Seniors have a bad reputation today. They have become known for their grumpiness.
Come to think of it, maybe they’ve (“we” actually, since I am one myself) always been seen as grumpy.
Charles Dickens had lots of grumpy old people in his wonderful stories, and we know that his characters were based on real persons he had met. Television and movies are full of grumpy old people.
Maybe it’s just the natural consequence of losing respect, influence, power and freedom.
As a young nursing assistant, I had the challenge of taking care of some very grumpy old men (women too – but I usually was assigned to the men). Eventually I realized that these men, some of whom had been movers and shakers in their communities, had been reduced by simple aging, or more often by sudden, devastating strokes or other medical events, to a status in which they were being told what to do every moment of the day by completely insensitive persons who were young enough to be their grandchildren.
At 20 years old, I didn’t immediately get it. Eventually, I understood.
But should we allow “grumpy old men” and women to ruin churches, to push them forcefully down the church lifecycle curve to extinction?
Absolutely not. Churches are not the property of young people or of old people. Every church was purchased with the priceless blood of Christ and belong only to the Triune God (Acts 20:28). Every one of them is a mission to a particular portion of the mission field, a candlestick to lighten a dismal corner of an ever-darkening world.
That is why I’m writing about frustrated seniors: So that forward-looking seniors and younger church members who have been thrust into positions of leadership, can help these unhappy saints to change their minds and hearts; to get onboard, or at least out of the way, as in the saying, “Lead, follow, or get out of the way.”
And yes, we sometimes have to settle for some people just getting out of the way. Some folks will stay in their churches, with bad attitudes, until their dying days.
Here are my “grumpy senior sayings” briefly revisited, and then we’ll wrap this up by considering one more:
“Seniors used to be respected; now we’re despised.” I dealt with this one in my first post on the subject, but here’s one more comment on the disrespect felt by seniors:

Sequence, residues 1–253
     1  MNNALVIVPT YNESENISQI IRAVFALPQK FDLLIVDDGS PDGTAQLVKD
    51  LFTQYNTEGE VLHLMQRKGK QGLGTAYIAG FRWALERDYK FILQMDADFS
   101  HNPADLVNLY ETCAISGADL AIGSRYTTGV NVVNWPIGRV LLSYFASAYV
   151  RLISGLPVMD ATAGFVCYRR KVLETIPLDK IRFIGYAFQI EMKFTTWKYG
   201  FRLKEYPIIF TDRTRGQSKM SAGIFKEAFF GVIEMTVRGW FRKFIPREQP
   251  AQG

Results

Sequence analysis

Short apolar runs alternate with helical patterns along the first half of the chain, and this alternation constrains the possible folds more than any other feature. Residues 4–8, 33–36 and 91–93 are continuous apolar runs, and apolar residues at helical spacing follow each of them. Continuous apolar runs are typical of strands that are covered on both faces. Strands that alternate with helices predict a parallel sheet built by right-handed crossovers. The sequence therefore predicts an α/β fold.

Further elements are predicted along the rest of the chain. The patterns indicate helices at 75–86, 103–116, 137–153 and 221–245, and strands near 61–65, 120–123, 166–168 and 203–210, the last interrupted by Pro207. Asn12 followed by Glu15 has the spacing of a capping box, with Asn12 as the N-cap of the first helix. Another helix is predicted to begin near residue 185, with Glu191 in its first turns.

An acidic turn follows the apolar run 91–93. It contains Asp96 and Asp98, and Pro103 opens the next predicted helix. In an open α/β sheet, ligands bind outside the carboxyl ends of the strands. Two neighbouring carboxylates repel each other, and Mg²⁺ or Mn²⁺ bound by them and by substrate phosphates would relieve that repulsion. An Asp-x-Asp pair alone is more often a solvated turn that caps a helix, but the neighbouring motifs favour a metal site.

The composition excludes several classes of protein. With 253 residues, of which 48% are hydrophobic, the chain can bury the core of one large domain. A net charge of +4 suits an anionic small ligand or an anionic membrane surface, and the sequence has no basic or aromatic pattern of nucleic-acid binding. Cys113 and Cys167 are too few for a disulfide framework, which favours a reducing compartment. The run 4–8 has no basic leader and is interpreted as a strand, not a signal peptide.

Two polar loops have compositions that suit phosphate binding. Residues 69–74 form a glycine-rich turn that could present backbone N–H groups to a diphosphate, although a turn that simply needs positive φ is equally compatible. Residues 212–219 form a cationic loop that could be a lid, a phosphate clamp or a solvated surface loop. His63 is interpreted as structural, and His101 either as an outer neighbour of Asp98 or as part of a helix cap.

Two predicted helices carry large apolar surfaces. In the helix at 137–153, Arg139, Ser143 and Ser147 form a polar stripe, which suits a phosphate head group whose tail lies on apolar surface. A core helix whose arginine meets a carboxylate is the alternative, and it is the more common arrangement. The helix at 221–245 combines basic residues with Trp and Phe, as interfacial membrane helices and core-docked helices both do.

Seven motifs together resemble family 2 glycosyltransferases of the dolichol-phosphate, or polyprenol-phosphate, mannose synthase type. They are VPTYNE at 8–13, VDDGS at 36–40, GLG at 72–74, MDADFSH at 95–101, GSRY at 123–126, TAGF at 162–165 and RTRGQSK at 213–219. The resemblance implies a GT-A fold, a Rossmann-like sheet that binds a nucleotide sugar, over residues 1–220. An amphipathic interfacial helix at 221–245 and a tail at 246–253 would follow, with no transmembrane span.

Seniors are seen as being hopelessly bad with technology. And yes, they (we) are pretty poor at learning and mastering today’s rapidly changing apps, gadgets and gizmos.
But that doesn’t make us stupid, or even technologically stupid. Our churches all have seniors who are, or at least were, masters of technologies of which their children and grandchildren have no knowledge or competency.
We have unimpressive looking old men who could disassemble, repair and reassemble internal combustion engines with their eyes closed and one hand tied behind their backs. We have ladies who could sew beautiful clothes, while simultaneously cooking wonderful meals, doing the laundry, canning the bounty of their beautiful gardens and nurturing their children. These are technologies which are out of style, but they are complex technologies, nevertheless.
Keep this in mind when you’re tempted to make fun of 70 somethings for their struggles with computers and smart phones.
“Change is occurring so fast. Most of it is bad. Churches shouldn’t change.” I also dealt with this one in my first post in this series, but here’s one more thought on this subject:
Most of us find changes imposed by others to be attitude-challenging. Change is exhausting and smart people tell me that it requires the remapping of the neural pathways in our brains. That’s why it’s so easy to do things on autopilot. It’s a lot easier to do the same things in the same way than to change our ways.
If change is difficult and tiring, consider the fact that senior brains are harder to re-map and senior energy resources are not what they used to be. So give your set-in-their-ways seniors a break; it’s going to be yousooner than you think, driving to the same restaurant and ordering the same items as your wife.